With the onus on remote workers to keep their machines and devices updated, there’s a lot of room for error. Out-of-date software, plugins, and browsers, plus unpatched and unprotected systems leave remote employees even more vulnerable to attack. With Portnox CLEAR, organizations can gain full visibility of their network endpoints from the cloud, giving IT departments the contextual endpoint knowledge they need in order to know that their data and networks are secure, despite the widespread use of BYOD. They can know where and when endpoints are connecting, if they have been patched for the latest vulnerabilities, and if they are sharing or accessing sensitive information in an abnormal fashion that could raise red flags.
Portnox CLEAR achieves this by enabling risk-based access for all endpoints. Risk- based access means that only devices that adhere to the network security policy will be permitted on the network, significantly minimizing unnecessary exposure to digital business risks and providing network security admins with leverage to enforce their policies. It does so by generating unique risk scores for each device, allowing network administrators to create accurate risk profiles of their networks, and helping them gain an understanding of underlying network vulnerabilities.
Also, as most of today’s businesses use SaaS platforms to conduct business, with Portnox CLEAR, it’s possible to control access to those applications based on strong authentication credentials – a necessary step in our increasingly connected world— to prevent unauthorized access.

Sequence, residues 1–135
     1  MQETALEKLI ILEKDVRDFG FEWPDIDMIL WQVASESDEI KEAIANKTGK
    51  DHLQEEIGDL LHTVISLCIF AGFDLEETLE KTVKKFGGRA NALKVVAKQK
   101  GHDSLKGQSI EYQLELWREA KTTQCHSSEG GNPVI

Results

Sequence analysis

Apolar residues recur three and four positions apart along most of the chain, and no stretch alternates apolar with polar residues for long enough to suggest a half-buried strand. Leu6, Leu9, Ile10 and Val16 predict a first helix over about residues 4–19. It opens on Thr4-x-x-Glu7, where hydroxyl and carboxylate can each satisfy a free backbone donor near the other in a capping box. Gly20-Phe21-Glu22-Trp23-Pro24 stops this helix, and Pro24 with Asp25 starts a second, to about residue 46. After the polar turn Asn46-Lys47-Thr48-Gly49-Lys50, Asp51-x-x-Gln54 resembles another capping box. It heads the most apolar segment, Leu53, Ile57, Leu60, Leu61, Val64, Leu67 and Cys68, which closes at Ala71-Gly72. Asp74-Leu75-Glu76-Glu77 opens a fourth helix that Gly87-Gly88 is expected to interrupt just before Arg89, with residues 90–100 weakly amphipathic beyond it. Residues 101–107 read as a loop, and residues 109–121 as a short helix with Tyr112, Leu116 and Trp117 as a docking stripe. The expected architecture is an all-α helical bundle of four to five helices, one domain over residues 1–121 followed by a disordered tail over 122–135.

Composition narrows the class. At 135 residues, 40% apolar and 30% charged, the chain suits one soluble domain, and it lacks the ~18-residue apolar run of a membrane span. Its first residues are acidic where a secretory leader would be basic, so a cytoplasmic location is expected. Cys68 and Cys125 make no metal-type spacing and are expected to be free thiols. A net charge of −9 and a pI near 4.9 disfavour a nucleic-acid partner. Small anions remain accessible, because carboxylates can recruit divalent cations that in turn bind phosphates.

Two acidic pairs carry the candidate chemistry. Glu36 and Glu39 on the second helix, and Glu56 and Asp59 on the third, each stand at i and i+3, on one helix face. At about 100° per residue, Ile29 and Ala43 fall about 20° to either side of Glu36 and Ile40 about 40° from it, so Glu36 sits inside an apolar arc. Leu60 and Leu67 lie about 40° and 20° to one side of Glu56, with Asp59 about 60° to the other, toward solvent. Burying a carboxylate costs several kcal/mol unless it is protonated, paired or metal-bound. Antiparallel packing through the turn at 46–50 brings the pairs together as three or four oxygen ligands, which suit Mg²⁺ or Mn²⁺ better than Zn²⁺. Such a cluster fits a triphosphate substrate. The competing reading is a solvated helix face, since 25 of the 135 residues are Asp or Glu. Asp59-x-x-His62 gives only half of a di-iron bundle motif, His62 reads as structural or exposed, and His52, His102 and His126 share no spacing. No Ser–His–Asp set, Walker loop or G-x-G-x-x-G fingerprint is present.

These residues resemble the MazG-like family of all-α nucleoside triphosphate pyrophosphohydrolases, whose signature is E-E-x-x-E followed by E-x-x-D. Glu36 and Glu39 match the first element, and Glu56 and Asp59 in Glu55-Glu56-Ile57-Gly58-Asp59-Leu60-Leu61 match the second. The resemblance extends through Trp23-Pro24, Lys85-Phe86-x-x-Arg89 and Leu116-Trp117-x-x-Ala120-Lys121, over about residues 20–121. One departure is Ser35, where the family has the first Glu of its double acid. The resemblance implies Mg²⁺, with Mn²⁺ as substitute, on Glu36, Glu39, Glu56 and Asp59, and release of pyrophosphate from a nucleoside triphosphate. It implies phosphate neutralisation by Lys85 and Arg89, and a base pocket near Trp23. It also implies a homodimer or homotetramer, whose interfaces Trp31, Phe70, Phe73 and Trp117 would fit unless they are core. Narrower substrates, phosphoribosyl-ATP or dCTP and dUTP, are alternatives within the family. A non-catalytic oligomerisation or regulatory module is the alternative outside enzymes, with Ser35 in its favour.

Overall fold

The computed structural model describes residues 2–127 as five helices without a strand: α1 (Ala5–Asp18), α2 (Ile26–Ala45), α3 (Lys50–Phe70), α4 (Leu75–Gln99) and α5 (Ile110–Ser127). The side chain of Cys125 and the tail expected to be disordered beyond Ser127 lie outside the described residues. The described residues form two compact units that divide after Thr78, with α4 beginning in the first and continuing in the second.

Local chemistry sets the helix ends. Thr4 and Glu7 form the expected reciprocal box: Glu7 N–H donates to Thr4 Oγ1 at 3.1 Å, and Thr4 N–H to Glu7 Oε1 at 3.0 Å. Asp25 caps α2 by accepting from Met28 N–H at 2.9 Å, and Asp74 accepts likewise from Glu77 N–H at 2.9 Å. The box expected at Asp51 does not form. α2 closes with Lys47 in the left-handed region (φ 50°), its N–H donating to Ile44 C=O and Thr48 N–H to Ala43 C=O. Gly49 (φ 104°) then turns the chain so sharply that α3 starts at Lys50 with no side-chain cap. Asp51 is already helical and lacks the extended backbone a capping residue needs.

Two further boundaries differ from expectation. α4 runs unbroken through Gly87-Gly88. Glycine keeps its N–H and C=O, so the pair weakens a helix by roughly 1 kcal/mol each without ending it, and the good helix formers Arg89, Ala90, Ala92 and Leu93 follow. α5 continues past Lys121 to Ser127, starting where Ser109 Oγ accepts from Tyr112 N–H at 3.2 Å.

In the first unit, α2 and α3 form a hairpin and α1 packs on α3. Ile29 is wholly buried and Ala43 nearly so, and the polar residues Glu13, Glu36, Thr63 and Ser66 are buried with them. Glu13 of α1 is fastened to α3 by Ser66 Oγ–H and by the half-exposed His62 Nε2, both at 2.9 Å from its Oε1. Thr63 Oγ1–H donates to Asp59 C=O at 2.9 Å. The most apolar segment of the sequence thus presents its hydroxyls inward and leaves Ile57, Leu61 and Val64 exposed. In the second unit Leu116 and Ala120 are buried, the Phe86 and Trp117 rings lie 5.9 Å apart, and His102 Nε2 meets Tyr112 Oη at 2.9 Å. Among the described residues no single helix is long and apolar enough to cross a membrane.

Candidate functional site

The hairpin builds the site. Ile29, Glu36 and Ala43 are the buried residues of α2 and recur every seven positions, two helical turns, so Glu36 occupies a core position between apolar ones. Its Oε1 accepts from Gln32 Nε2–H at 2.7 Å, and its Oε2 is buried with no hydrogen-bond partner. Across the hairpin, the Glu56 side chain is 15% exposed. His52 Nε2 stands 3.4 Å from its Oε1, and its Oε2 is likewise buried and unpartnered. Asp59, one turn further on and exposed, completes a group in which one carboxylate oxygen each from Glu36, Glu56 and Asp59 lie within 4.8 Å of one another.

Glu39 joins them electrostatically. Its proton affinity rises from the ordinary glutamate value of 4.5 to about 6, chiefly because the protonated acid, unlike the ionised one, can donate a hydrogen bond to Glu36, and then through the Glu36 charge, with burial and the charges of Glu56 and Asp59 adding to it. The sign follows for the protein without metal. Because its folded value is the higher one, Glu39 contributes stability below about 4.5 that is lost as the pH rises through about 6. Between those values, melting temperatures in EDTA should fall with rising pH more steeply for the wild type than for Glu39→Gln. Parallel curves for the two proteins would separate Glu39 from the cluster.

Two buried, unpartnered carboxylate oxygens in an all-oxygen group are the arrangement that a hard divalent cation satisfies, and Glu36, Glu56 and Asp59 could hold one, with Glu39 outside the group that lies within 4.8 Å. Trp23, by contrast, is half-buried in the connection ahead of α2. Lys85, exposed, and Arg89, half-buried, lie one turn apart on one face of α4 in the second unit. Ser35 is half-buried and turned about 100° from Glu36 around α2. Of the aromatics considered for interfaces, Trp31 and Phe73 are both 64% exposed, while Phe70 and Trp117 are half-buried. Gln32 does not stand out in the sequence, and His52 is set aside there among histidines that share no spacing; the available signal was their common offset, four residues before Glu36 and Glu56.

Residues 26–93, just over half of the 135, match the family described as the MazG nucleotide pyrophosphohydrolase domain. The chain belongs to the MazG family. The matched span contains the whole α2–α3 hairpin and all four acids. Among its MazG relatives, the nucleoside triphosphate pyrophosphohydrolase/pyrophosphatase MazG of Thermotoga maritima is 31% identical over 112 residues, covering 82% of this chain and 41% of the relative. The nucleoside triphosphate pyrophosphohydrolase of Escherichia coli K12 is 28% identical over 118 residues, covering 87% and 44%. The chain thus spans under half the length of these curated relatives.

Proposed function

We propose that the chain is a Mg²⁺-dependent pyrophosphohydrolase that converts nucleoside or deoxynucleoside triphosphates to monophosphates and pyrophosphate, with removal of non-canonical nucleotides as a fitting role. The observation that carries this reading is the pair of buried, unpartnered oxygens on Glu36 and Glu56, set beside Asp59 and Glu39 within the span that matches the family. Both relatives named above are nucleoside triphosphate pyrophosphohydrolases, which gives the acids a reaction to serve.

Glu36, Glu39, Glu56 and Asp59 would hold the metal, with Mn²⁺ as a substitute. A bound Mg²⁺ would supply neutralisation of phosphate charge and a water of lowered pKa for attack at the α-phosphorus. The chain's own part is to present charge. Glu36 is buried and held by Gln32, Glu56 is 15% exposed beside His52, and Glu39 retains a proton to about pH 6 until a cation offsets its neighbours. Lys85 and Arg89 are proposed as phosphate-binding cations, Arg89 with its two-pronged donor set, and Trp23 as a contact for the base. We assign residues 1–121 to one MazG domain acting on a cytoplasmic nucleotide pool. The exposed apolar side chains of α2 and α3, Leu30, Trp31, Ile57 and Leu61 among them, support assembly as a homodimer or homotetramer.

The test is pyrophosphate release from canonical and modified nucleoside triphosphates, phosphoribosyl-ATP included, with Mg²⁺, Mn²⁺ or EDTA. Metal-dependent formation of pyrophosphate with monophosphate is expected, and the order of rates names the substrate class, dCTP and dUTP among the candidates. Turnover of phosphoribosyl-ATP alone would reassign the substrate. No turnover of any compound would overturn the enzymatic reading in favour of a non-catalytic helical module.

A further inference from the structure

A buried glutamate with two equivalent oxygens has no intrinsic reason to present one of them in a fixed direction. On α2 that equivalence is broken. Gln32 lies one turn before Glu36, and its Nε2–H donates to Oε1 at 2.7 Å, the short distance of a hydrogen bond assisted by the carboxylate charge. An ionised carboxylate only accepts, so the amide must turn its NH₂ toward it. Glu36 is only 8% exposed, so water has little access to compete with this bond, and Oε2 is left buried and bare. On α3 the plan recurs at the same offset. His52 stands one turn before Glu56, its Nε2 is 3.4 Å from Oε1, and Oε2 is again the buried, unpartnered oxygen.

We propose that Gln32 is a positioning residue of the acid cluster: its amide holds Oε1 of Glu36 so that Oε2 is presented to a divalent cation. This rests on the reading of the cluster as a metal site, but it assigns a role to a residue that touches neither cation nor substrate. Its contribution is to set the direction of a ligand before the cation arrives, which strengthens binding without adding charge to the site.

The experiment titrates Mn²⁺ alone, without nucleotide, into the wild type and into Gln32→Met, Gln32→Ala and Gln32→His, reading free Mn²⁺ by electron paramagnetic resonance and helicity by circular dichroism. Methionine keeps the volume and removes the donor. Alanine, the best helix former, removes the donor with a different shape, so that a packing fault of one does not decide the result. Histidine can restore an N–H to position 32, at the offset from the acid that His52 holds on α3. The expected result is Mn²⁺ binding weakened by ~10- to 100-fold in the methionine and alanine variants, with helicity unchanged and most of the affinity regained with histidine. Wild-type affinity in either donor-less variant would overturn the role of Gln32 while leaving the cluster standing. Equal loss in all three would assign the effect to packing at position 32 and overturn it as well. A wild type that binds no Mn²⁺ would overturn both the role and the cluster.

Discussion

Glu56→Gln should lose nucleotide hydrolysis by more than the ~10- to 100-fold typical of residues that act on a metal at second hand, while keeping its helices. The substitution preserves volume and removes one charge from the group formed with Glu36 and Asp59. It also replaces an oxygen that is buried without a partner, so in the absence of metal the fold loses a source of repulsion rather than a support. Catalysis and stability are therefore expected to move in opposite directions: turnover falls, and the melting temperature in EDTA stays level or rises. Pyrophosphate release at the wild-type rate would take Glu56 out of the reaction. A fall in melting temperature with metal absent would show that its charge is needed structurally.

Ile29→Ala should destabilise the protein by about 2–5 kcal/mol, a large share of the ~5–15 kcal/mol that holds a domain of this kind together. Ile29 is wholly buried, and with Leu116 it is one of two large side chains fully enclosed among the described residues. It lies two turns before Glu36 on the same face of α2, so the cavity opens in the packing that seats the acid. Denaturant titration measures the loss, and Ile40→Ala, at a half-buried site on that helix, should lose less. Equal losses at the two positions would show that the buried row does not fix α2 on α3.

Use Case #2: Minimizing Window of Vulnerability for Global Companies
Often, today’s enterprises have a global presence with offices all over the world. For companies doing business on a global scale, regional offices allow for streamlined business operations and reduce the potential for cultural barriers. However, with a global workforce, CIOs and CISOs are faced with the challenging task of securing multiple offices dispersed across the world.
If a vulnerable device is attempting to connect in a regional office, it puts the entire global network at risk. Streamlining security measures is a crucial challenge associated with securing multiple offices across the globe. Many traditional NAC solutions are on-premise, requiring physical installation and securing a network as a defined infrastructure within a physical firewall. This limits scalability and agility, as installation is required per office. As a result, it’s more difficult for IT staff to leverage one solution for network visibility and monitoring.